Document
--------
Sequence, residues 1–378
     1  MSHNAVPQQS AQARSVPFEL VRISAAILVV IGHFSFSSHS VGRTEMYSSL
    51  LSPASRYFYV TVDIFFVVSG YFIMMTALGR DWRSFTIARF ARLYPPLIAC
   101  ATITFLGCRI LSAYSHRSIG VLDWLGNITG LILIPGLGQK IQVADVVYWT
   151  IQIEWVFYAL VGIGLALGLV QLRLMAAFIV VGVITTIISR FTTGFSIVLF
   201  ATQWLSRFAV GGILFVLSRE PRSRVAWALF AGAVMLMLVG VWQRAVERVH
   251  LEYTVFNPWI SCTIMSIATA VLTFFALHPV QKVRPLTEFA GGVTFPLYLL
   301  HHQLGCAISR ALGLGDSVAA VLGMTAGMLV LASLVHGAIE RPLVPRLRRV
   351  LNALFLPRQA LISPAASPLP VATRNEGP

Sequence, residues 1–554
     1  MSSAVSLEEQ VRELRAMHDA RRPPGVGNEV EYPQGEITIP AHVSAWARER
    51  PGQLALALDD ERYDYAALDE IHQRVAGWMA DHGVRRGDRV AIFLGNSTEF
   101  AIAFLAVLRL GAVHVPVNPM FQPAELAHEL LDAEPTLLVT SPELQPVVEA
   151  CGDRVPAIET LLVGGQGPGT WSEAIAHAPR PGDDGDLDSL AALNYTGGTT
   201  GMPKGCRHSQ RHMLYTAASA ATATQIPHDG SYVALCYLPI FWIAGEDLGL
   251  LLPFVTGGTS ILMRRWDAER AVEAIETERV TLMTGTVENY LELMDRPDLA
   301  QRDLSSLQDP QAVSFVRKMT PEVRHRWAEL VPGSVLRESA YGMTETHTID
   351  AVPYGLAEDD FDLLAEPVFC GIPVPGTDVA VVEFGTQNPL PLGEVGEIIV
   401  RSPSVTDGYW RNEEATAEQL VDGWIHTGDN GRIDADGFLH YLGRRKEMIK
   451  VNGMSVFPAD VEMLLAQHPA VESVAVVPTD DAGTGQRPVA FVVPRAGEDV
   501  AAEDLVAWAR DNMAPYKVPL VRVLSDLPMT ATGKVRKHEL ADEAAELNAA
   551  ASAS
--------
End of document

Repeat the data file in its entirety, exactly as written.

Sequence, residues 1–378
     1  MSHNAVPQQS AQARSVPFEL VRISAAILVV IGHFSFSSHS VGRTEMYSSL
    51  LSPASRYFYV TVDIFFVVSG YFIMMTALGR DWRSFTIARF ARLYPPLIAC
   101  ATITFLGCRI LSAYSHRSIG VLDWLGNITG LILIPGLGQK IQVADVVYWT
   151  IQIEWVFYAL VGIGLALGLV QLRLMAAFIV VGVITTIISR FTTGFSIVLF
   201  ATQWLSRFAV GGILFVLSRE PRSRVAWALF AGAVMLMLVG VWQRAVERVH
   251  LEYTVFNPWI SCTIMSIATA VLTFFALHPV QKVRPLTEFA GGVTFPLYLL
   301  HHQLGCAISR ALGLGDSVAA VLGMTAGMLV LASLVHGAIE RPLVPRLRRV
   351  LNALFLPRQA LISPAASPLP VATRNEGP

Sequence, residues 1–554
     1  MSSAVSLEEQ VRELRAMHDA RRPPGVGNEV EYPQGEITIP AHVSAWARER
    51  PGQLALALDD ERYDYAALDE IHQRVAGWMA DHGVRRGDRV AIFLGNSTEF
   101  AIAFLAVLRL GAVHVPVNPM FQPAELAHEL LDAEPTLLVT SPELQPVVEA
   151  CGDRVPAIET LLVGGQGPGT WSEAIAHAPR PGDDGDLDSL AALNYTGGTT
   201  GMPKGCRHSQ RHMLYTAASA ATATQIPHDG SYVALCYLPI FWIAGEDLGL
   251  LLPFVTGGTS ILMRRWDAER AVEAIETERV TLMTGTVENY LELMDRPDLA
   301  QRDLSSLQDP QAVSFVRKMT PEVRHRWAEL VPGSVLRESA YGMTETHTID
   351  AVPYGLAEDD FDLLAEPVFC GIPVPGTDVA VVEFGTQNPL PLGEVGEIIV
   401  RSPSVTDGYW RNEEATAEQL VDGWIHTGDN GRIDADGFLH YLGRRKEMIK
   451  VNGMSVFPAD VEMLLAQHPA VESVAVVPTD DAGTGQRPVA FVVPRAGEDV
   501  AAEDLVAWAR DNMAPYKVPL VRVLSDLPMT ATGKVRKHEL ADEAAELNAA
   551  ASAS